Spain has launched a new push for European help in dealing with a massive wave of illegal immigrants washing onto its shores in the Canary Islands. Some German politicians, however, feel help isn't necessary.
A would-be immigrant was intercepted by the police on Fuerteventura, a Canary island
Meeting with his EU counterparts in Finland, Spanish Justice Minister Juan Fernando Lopez Aguilar said that his country was urging other bloc members to show more solidarity with those states responsible for securing the union's external borders.
"We're not going to stop until the whole of the European Union provides an answer, because an answer is needed," he said, adding that Italy and Malta were also affected.
"We come here, not to ask for help but to push for the proper help that is needed, not only for Spain but for the rest of the European member states which are the southern frontier of the European Union," he said.
When asked what he thought was needed, Lopez Aguilar said: "Money, resources, means, determination and the consciousnesses that this is not a simple contingency, this is a reality which is going to accompany all of us along the way in the first third of the 21st century."
Germany not so happy
The European Commission, the EU's executive body, has been virtually powerless to deal with the problem, apart from providing funds, and has implored the bloc's 25 member countries to show more solidarity.
Many immigrants from Africa die during dangerous journeys to Spain
Politicians in Germany, however, are not pleased with the notion of the EU helping Spain out in dealing with its illegal immigrants.
"I think that's wrong," said Bavaria's Interior Minister Günther Beckstein.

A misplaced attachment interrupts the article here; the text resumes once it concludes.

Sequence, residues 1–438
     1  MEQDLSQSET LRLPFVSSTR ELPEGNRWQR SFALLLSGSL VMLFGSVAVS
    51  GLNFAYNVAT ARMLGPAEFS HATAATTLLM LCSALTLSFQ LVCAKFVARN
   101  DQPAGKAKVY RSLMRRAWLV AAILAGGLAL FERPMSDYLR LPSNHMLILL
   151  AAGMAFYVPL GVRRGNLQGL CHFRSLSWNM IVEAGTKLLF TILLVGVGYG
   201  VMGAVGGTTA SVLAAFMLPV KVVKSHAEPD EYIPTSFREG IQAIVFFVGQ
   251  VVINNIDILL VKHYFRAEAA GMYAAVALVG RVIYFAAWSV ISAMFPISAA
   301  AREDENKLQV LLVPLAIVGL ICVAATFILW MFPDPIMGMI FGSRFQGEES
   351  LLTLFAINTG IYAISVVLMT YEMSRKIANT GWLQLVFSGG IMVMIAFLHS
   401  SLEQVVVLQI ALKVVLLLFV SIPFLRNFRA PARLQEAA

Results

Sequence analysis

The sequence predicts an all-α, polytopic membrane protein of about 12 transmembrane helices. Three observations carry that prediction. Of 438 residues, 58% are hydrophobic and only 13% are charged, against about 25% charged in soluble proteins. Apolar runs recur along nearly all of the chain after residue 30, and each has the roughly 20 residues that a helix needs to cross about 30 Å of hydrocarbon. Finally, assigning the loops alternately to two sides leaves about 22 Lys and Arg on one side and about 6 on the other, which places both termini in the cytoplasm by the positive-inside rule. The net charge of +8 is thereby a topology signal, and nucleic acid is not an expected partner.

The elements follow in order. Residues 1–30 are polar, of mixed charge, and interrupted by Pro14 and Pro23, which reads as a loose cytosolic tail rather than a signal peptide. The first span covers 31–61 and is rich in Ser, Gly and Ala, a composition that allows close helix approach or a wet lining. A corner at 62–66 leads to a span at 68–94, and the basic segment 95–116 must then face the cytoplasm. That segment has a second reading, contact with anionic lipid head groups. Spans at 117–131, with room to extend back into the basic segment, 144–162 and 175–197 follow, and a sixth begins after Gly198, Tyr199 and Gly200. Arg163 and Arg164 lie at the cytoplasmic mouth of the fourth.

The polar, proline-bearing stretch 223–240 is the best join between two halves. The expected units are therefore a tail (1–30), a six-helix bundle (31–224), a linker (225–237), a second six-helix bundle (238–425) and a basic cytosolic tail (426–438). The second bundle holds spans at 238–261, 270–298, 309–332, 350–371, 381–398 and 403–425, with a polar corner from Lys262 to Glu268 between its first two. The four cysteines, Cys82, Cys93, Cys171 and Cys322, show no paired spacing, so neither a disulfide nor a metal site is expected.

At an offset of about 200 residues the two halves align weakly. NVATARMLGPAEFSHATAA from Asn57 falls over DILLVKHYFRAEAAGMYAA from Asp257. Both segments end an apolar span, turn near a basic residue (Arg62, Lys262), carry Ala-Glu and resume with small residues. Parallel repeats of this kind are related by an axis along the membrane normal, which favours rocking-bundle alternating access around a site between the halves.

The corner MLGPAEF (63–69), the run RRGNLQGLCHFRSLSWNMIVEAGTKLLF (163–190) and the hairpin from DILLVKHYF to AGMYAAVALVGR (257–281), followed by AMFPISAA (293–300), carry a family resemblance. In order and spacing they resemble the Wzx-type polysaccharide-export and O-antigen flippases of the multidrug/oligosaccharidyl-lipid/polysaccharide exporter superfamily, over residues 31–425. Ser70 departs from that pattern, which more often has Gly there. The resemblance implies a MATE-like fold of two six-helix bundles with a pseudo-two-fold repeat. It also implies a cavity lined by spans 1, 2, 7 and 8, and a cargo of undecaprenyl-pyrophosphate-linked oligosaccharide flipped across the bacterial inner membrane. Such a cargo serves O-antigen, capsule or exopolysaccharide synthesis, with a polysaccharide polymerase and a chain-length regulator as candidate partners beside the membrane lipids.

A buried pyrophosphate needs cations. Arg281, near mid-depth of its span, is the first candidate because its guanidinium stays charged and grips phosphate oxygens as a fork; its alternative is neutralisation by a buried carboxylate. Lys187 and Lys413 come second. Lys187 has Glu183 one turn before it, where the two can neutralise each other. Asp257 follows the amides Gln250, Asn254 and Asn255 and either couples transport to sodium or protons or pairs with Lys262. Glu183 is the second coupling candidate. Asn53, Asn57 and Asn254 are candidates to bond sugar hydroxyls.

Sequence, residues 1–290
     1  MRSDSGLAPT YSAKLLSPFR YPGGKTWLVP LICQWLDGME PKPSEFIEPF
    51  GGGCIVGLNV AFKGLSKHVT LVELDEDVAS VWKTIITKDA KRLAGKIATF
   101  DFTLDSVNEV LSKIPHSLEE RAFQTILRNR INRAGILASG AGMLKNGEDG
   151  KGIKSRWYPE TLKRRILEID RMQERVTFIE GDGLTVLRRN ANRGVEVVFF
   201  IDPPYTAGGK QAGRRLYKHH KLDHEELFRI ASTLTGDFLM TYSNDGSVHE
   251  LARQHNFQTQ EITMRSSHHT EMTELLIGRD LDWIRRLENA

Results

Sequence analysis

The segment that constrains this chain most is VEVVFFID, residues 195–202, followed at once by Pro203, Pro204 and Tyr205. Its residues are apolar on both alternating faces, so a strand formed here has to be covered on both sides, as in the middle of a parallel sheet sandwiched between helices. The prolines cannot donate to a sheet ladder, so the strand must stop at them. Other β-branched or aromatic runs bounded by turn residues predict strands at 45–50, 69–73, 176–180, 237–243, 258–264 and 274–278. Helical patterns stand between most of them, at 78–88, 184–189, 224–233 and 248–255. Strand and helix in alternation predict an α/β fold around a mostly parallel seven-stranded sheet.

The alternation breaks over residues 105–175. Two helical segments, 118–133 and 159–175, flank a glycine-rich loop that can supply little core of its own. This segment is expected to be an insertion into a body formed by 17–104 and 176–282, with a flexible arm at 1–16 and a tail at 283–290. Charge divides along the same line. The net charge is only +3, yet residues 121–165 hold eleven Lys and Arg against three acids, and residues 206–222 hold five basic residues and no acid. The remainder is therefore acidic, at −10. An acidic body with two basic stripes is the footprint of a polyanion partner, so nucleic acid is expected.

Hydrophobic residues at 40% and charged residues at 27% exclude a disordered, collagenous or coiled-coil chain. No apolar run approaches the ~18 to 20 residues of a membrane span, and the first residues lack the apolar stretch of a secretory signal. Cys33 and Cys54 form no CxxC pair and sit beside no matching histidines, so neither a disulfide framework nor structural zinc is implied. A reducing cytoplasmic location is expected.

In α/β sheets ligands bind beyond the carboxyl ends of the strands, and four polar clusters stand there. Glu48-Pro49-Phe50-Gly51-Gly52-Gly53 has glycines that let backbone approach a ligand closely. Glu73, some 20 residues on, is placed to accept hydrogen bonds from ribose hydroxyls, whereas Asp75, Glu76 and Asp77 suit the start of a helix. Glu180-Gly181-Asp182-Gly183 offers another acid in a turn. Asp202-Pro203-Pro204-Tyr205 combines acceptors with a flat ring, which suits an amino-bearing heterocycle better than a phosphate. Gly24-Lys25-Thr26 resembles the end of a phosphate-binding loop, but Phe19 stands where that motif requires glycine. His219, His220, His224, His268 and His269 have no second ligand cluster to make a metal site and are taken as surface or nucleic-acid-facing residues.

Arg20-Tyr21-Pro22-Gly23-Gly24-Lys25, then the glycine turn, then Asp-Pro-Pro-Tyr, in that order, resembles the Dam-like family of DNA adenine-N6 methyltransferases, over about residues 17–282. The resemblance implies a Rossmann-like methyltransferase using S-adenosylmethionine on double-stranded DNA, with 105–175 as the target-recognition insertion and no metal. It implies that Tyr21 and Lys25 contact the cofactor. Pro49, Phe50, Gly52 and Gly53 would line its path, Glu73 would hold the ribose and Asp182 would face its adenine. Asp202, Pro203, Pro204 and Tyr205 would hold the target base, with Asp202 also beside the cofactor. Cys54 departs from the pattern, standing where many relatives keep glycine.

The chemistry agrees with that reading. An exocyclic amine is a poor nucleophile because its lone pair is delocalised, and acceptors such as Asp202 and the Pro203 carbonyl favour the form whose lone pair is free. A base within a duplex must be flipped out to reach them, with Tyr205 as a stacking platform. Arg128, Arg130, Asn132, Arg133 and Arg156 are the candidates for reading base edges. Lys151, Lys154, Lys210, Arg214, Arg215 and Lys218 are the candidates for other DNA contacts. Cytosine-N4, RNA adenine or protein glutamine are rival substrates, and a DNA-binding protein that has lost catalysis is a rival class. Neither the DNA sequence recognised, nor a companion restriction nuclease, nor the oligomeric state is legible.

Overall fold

Since the beginning of the year more than 25,000 illegal immigrants, a record number for any one year, have arrived in the Canary Islands off the northwest coast of Africa.
Two boats carrying a total of 172 would-be immigrants arrived on Wednesday.
"Spain won't go under because of that," Beckstein said.
He added that Germany has had to accommodate 448,000 illegal immigrants without EU aid.
Edward Snowden has said British spies can hack into mobile phones using text messages. The whistleblower also said he has offered to serve prison time in the US if the country were to let him return from exile in Russia.
The EU is turning to Turkey for help with the refugee crisis. The political price is likely to be high, though, as Turkish President Recep Tayyip Erdogan is using the opportunity for his own ends. Barbara Wesel reports.
Thousands of demonstrators with the anti-migrant group PEGIDA have marched in Dresden against Merkel's plans to take in refugees. PEGIDA has used recent refugee arrivals to make its case to lock down Germany's borders.
Full color: Two light festivals at once will illuminate Berlin over the next two weeks. Both events are free and cast their spell on two million people each year.